Japan calls for stricter COVID-19 measures for U.S. military personnel

U.S. Marine Corps and JASDF personnel await the arrival of JASDF F-2 aircraft at the East Fuji Maneuver Area

U.S. Marine Corps and JASDF personnel await the arrival of JASDF F-2 aircraft at the East Fuji Maneuver Area in Shizuoka, Japan. U.S. Marine Corps photo by Katie Gray, uploaded to Flickr on Dec. 9, 2021. Image license: CC BY-NC-ND 2.0

The Japanese government has declared a limited state of emergency in three prefectures after a sudden spike in COVID-19 infections during the first week of January. While there have been daily increases of COVID-19 all across Japan, there are fears American military personnel are responsible for igniting an explosive new wave of COVID-19 in the country.

Two of the prefectures, Yamaguchi in western Honshu, and Okinawa, an archipelago in Japan's far west, host extensive United States installations that have also seen sudden increases in COVID-19 over the past week. The third prefecture, Hiroshima, neighbors that of Yamaguchi and its own American military presence.

Jim Rion, a writer and translator who resides in Yamaguchi, noted the correlation between case counts and U.S. military presence in western Japan:

January 6 (2020) new COVID-19 case counts for Yamaguchi and Okinawa prefectures, and prefectures in Kyushu region:

Yamaguchi  181 [Note: Hosts U.S. military bases]
Fukuoka  80
Saga  19
Nagasaki  10 [Hosts U.S. naval presence]
Kumamoto  24
Oita  8
Miyazaki  6
Kagoshima 61
Okinawa  981 [Hosts U.S. military bases]

Fears of a COVID-19 outbreak sparked by U.S. military personnel began on January 3, after U.S. base commanders in Iwakuni (Yamaguchi prefecture) announced 143 new cases of COVID-19 over the previous five days. In Okinawa, there had been 235 cases reported within the U.S. military on January 1, a single-day record for the military there so far.

By January 5, more than 2,000 daily COVID-19 cases were recorded across Japan for the first time in over three months. While not linked to the country's U.S. military presence, major cities— including Tokyo and Osaka—were recording a spike in new COVID-19 cases as the week went on.

On January 6, Hiroshima, which neighbors Yamaguchi, announced 273 daily cases, the highest since late August. By January 8, Okinawa recorded more than 1,000 daily COVID-19 cases, characterized as an “explosion” by prefectural governor Tamaki Denny, who pleaded with the Japanese central government for more decisive action.

In the meantime, under Japan's quasi-state of emergency, also known as “mambo” (マンボ, or まん延防止等重点措置), restaurants and bars in the three prefectures will no longer be allowed to serve alcohol from January 9, and will be encouraged to close early in an effort to help prevent the transmission of COVID-19.

For some, Japan's “mambo” is not enough to deal with the current COVID-19 threat. Perceptions that U.S. military personnel, contractors, and their dependents generally refrain from wearing masks and abiding by other behavioral measures to help mitigate the spread of COVID-19—paired with the fact that there are at least 54,000 such personnel stationed at 85 facilities located all over Japan, not to mention 8,000 civilian and contractor employees, plus an additional 45,000 dependents—have contributed to people's concerns.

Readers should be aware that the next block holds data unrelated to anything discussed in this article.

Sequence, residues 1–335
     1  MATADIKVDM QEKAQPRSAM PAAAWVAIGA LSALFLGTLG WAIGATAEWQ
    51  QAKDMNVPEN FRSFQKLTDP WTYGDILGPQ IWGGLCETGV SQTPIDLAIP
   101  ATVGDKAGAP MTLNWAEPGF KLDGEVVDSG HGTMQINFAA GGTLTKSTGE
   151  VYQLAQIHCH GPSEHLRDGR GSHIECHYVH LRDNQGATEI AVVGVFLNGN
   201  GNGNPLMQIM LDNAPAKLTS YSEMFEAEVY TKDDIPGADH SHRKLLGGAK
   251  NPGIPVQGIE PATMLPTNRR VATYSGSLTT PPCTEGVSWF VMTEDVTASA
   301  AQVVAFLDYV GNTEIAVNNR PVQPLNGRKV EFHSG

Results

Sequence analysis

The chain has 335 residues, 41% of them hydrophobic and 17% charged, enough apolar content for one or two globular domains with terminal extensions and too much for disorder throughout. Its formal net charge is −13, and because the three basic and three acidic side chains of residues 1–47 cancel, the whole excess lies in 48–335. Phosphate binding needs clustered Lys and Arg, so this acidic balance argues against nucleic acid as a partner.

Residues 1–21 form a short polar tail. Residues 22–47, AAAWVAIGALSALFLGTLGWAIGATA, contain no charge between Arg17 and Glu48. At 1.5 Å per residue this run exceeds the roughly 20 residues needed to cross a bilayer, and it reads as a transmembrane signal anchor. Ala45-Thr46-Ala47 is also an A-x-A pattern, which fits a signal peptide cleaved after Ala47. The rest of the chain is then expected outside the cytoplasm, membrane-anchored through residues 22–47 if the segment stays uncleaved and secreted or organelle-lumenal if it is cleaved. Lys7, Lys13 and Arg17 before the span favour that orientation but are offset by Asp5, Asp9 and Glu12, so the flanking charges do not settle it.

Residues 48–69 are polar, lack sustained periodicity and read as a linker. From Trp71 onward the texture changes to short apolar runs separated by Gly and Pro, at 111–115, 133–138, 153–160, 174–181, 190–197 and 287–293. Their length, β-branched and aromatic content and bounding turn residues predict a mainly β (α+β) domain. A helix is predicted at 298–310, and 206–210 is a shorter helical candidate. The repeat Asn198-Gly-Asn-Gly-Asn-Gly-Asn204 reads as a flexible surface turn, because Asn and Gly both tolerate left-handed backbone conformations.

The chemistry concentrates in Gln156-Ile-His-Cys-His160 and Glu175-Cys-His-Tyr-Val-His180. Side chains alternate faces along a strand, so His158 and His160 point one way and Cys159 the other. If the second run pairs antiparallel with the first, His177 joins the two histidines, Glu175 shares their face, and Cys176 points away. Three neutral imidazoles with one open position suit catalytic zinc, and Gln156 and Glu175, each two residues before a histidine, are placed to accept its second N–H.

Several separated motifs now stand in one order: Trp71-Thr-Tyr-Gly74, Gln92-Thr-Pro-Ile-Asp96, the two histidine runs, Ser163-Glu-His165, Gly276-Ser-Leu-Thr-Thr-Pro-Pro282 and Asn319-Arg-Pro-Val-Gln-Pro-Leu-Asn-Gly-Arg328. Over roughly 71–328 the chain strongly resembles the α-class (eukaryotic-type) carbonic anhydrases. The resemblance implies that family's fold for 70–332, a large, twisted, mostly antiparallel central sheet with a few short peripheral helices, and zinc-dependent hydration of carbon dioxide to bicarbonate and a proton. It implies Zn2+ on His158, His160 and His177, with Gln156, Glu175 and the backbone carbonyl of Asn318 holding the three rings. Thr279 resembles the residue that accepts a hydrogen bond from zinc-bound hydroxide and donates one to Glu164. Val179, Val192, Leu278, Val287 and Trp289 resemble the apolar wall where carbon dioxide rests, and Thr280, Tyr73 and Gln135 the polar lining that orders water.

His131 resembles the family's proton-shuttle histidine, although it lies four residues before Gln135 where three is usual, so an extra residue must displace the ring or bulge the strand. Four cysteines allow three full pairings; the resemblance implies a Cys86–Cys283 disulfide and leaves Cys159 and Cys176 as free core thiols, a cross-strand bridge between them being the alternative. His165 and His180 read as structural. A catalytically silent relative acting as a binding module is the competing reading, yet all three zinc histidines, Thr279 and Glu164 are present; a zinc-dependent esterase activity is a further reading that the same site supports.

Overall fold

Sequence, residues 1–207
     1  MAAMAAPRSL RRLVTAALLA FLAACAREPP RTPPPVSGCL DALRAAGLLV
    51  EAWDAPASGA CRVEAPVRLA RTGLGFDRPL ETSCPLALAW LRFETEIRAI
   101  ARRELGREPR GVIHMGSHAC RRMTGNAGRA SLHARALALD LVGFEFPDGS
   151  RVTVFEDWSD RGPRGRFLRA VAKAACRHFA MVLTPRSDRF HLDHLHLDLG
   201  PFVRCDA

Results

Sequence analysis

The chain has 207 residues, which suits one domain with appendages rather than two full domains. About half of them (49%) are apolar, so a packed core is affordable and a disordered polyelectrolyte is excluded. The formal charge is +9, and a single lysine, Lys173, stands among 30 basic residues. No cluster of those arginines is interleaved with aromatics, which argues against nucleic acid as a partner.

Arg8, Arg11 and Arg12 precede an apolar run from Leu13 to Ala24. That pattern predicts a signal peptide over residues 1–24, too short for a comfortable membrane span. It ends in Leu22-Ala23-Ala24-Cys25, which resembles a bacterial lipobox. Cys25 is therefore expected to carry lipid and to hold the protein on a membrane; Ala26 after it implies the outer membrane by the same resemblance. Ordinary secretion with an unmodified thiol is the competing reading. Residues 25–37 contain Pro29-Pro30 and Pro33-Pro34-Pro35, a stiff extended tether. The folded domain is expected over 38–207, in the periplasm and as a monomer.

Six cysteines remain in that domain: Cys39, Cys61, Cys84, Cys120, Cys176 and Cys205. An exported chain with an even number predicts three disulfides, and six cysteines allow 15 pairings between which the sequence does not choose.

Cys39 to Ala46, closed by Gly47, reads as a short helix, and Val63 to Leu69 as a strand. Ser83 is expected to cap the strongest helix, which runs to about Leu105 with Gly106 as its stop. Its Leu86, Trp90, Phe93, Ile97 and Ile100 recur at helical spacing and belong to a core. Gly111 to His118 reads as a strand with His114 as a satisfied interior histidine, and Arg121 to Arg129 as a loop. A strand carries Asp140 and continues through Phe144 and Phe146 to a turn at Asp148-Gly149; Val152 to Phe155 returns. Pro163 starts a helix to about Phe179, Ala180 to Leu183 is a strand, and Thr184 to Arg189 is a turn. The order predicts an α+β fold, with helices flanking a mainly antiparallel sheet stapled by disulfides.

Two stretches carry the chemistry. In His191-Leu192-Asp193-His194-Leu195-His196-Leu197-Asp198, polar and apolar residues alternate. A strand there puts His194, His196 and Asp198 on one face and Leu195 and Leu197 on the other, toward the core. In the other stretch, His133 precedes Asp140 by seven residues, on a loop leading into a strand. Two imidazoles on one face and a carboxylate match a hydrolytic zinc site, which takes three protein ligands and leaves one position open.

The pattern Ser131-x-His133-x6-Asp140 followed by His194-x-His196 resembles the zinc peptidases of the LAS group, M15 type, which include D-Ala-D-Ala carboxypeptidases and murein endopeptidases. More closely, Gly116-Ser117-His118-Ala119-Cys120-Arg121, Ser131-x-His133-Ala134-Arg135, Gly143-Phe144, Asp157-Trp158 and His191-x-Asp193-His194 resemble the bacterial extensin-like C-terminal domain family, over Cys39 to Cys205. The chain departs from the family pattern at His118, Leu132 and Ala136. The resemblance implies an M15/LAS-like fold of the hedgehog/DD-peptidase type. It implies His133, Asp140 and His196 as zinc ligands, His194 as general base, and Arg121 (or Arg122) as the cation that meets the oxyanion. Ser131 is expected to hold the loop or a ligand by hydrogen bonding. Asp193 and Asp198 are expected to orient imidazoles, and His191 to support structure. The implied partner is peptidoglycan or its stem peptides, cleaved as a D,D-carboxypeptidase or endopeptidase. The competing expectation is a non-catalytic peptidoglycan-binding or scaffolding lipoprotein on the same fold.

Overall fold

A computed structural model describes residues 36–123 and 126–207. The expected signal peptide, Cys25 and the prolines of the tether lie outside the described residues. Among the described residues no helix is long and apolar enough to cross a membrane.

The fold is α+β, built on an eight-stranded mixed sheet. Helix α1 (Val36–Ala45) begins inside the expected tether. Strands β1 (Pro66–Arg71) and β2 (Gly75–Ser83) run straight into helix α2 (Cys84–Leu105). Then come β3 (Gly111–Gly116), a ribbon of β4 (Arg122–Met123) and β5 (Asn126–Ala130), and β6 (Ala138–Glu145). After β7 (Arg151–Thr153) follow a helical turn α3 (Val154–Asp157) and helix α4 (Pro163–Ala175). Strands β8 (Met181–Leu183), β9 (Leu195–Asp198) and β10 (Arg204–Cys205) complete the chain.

Military facilities of the United States in Japan, 2016

Military facilities of the United States in Japan (2016). Source: Wikimedia. Image license: Government of Japan Standard Terms of Use (Version 1.0)

There are also fears there are no COVID-19 testing or vaccination requirements for U.S. military personnel and their depedents as they are rotated into Japan on military flights.

In response to pressure from Okinawa's Tamaki and other prefectural governors, Japanese foreign minister Hayashi Yoshimasa called on U.S. commanders to impose more restrictions on the movement of military personnel to base, to help prevent the spread of COVID-19.

On January 6, U.S. Secretary of State Antony Blinken said the Biden administration would “do everything it can by working together with Tokyo to curb the spread of the virus.” However, a readout of the meeting between Blinken and Hayashi, his Japanese counterpart, does not mention COVID-19 outbreaks at U.S. bases across Japan. By the end of the week, some opposition politicians in Japan were calling for more rigorous restrictions on the U.S. military, including confining personnel to base.

Governor Tamaki of Okinawa, where daily COVID-19 cases surged to 1,400 on January 7, demanded that Japan review and update the Status of Forces Agreement, which provides a legal framework for the American military presence in the country, in order impose a mandatory quarantine on service personnel.

Under the agreement, Japanese police can exert little legal authority over U.S. personnel stationed in the country. Japan's COVID-19 measures, such as masking and social distancing, rely on voluntary compliance and shared social norms and conventions. In contrast, American military personnel stationed in host communities across the country generally follow their own rules about personal conduct, which are enforced by their own chains of command. 

For some U.S. residents of Japan, including Dan Castellano, a writer and translator residing in Tokyo, the American military's perceived role in Japan's newest COVID-19 wave is a source of shame:

For the time being, American military leadership in Japan has pledged to enhance COVID-19 mitigation measures by implementing new health restrictions, including masking and a mandatory negative COVID-19 test before travel to the country.

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